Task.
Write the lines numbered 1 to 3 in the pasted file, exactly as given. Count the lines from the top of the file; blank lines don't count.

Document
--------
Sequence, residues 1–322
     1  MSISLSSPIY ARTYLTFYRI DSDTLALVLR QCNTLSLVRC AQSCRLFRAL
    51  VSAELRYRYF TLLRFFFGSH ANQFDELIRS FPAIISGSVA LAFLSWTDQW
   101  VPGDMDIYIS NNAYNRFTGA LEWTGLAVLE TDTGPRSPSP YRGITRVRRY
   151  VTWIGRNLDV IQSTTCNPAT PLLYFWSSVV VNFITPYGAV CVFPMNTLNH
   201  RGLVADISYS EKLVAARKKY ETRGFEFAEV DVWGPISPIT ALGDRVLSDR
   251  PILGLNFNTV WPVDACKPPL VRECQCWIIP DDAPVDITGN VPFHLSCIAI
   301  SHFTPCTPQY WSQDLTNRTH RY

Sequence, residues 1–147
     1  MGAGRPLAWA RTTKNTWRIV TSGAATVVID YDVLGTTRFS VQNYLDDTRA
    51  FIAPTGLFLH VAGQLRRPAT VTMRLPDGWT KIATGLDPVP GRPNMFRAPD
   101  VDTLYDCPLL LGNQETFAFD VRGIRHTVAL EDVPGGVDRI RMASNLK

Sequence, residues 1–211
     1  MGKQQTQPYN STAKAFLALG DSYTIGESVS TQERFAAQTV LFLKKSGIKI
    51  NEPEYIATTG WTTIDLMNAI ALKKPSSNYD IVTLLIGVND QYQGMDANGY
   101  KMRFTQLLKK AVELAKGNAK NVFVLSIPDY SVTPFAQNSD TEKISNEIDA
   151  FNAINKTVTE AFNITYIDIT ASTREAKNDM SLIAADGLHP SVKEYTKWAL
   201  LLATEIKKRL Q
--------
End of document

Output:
Sequence, residues 1–322
     1  MSISLSSPIY ARTYLTFYRI DSDTLALVLR QCNTLSLVRC AQSCRLFRAL
    51  VSAELRYRYF TLLRFFFGSH ANQFDELIRS FPAIISGSVA LAFLSWTDQW